8. So freed fom the shackles of government, good old Fergus has decided to speak his mind. When he was in government…its well known that he was prone to abandon reason…go red in the face…and shout till he got his way.
    You can’t win arguments with the public that way. Carry on Fergus..we see you for what you are.

  9. I just came across this quote in Parkswatch – State of the Cairngorms (3) – Land Falling Apart

    ‘Over the hill in the upper River Dulnain catchment, those high numbers of Red Deer descend the glen when the weather is bad and start feeding off the regenerating Caledonian Pinewood at Kinveachy undermining the work that is being done there to provide more habitat for the capercaillie which once again faces extinction.’


    Funny how Fergus never mentioned this isn’t it?

  10. Did Fergus E not include the RSPB in his suggestion, para 3, ‘with the bodies that understand land management best’? You’d think he’d be aware of their studies at Abernethy.

    1. Yeah Fergus seems to be very selective or somehow he just keeps missing what falls outside of the estate narrative. I’ve tried helping by sending him the email below while copying in my MSP and Nicola Sturgeon, the more that do so the more we can help poor Fergus –

      Dear Fergus,

      I read your recent article in the Times concerning the supposed need to ‘control’ the pine marten to limit its supposed detrimental effect on the seriously endangered capercaillie. You said that it was the testimony of people on the ground, specifically gamekeepers, that needed to be listened to. Given this perhaps you’d like to read the article on page 28 of this journal co-authored by a retired gamekeeper which suggests snares might be more of a danger sb-vol22-no01.pdf (the-soc.org.uk)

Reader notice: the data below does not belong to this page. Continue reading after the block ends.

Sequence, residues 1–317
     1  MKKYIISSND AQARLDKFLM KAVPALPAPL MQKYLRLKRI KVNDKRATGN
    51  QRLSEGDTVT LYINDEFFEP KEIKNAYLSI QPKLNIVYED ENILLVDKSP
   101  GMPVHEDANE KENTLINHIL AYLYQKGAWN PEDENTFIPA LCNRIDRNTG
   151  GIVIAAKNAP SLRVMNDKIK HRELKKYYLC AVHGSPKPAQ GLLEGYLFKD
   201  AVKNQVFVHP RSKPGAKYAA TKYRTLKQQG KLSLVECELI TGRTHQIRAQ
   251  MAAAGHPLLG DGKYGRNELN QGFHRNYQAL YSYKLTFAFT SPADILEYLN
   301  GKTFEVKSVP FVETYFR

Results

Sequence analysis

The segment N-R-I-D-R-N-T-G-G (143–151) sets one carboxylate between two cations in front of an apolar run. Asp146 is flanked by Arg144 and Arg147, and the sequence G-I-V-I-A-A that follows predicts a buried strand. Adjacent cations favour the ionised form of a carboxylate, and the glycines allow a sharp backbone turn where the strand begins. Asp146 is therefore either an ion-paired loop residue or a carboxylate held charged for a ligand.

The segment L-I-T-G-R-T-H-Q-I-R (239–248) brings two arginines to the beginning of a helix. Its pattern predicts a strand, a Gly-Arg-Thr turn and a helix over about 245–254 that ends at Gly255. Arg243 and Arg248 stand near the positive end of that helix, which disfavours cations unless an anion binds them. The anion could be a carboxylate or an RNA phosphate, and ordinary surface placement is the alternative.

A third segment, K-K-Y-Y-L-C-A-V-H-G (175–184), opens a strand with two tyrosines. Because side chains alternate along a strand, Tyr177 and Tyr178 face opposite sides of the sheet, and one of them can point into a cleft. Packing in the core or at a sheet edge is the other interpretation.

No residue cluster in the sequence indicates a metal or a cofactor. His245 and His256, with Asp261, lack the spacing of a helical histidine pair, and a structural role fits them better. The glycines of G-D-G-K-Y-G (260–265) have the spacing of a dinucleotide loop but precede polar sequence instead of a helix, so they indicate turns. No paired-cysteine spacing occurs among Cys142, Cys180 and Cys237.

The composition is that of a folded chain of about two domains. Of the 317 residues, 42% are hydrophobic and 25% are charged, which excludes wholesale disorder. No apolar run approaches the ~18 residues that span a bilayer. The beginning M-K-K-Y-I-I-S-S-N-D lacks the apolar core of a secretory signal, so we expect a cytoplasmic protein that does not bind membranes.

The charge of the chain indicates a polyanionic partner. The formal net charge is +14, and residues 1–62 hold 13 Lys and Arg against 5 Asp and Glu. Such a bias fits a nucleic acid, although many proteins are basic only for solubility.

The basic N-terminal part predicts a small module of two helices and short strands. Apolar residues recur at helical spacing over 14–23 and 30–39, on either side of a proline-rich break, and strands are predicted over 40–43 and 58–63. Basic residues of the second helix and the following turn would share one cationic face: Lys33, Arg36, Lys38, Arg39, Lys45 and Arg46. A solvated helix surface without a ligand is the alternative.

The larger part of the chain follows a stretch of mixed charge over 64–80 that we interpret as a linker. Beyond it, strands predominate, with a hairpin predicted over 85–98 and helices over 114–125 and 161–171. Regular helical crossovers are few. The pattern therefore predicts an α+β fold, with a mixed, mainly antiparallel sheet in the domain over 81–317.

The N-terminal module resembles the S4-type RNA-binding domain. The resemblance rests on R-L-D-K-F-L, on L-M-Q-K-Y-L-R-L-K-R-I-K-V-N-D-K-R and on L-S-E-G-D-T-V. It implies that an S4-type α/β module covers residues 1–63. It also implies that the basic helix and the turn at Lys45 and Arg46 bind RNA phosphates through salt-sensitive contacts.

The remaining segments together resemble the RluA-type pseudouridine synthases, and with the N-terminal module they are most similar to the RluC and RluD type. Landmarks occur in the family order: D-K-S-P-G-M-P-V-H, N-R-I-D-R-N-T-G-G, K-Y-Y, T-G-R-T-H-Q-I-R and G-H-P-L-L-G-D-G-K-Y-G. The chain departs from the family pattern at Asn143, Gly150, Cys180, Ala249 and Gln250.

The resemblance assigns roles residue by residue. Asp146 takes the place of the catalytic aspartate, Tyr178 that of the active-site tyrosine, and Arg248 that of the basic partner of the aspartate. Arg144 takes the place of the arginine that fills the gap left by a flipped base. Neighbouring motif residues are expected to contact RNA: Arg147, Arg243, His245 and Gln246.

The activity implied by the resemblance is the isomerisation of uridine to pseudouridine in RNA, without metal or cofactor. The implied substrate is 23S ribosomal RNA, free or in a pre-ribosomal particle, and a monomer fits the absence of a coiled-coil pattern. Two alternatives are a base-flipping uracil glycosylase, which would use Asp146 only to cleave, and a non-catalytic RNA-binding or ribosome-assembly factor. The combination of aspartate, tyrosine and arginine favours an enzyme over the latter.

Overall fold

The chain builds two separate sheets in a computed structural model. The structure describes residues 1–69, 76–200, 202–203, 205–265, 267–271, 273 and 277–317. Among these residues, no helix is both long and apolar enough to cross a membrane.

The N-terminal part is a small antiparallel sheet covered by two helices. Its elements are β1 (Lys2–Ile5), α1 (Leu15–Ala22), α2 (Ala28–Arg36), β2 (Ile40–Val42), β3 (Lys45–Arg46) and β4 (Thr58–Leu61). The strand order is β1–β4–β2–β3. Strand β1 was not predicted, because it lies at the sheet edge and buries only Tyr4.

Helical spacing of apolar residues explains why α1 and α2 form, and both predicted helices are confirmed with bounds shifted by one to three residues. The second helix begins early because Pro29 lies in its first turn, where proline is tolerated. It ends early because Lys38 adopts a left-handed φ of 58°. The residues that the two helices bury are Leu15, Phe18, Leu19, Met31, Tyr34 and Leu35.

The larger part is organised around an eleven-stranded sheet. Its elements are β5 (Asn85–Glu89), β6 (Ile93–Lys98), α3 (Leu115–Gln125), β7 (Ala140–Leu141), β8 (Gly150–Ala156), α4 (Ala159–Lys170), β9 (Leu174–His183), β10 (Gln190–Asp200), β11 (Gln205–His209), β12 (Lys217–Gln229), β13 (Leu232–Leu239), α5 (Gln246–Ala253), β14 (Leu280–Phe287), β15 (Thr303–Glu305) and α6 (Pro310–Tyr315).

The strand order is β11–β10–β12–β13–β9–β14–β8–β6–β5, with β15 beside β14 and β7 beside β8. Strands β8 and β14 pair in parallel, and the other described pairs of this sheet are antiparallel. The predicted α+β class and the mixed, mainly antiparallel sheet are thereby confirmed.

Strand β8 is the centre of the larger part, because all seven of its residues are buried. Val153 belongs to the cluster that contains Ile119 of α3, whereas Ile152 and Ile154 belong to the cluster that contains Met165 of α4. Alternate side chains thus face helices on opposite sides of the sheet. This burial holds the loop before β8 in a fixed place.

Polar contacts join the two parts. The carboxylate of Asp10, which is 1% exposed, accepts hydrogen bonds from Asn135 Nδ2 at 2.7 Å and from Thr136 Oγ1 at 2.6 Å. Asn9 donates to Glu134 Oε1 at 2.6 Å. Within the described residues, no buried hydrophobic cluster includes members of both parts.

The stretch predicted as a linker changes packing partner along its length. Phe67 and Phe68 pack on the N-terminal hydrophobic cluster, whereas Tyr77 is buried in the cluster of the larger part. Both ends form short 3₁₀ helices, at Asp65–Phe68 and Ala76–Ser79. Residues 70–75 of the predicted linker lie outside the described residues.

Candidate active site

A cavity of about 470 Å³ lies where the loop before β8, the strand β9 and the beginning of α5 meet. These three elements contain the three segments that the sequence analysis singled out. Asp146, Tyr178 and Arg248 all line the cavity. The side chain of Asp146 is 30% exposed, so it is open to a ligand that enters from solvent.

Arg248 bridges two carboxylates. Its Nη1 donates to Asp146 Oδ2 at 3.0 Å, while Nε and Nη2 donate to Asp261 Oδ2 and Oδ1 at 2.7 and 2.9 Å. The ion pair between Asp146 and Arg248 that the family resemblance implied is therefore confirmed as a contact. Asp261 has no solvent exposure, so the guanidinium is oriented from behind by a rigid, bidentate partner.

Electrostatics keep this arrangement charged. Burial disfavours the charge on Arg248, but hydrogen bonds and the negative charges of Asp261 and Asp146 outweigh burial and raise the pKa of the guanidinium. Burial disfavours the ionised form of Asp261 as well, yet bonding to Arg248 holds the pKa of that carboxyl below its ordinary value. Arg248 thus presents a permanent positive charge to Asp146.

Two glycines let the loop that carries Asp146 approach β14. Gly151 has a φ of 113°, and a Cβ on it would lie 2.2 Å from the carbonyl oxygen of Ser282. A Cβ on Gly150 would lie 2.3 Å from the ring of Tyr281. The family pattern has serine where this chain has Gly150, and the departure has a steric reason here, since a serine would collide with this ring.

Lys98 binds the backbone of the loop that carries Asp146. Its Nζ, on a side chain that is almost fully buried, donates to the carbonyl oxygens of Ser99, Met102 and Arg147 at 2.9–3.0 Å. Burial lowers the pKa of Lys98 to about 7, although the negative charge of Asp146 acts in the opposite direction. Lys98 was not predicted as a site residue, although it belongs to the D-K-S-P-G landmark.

There’s also another article from other ‘people on the ground’ who have had great success in helping the capercaillie, but they have received little attention, perhaps because they specifically did NOT invest in predator control at all, but instead put their efforts into proper habitat management – Success story for Capercaillie in Strathspey – Forestry and Land Scotland

      For myself I wish there was more attention on the far stronger case that the pine marten is helping the red squirrel than it’s threatening the capercaillie -Pine martens: a natural ally – Saving Scotland’s Red Squirrels (scottishsquirrels.org.uk)

      Regards, Les Wallace

  11. “and I have had a deep frustration over issues like raptor persecution, grouse moors all over Scotland, and what muirburning is doing to the environment.”

    – Part of Cameron McNeish’s comment on leaving the SNP after ten years’ membership. He’s a mountainering journalist, if you don’t recognise his name.

    Article, as archive…


  12. Obviously old [Fergus Ewing] has not lost his ability to talk absolute bovine faeces when it comes to backing his land owning, environment wasting, wildlife persecuting buddies. The fact that he held rural related posts in the Scottish Government for so many damaging years shows just how little the Government knows and cares about what’s left of our natural heritage. I can just hear [Fergus Ewing] and his cull crazy colleagues within the Scottish Government demanding that efforts to protect seals, beavers and mountain hares be nullified by the parallel introduction of licences to continue the carnage. He should have been kicked out of his Ministerial Ivory Tower the day he took action against the proposed ban on exporting days old calves on lengthy journeys to continental veal farms.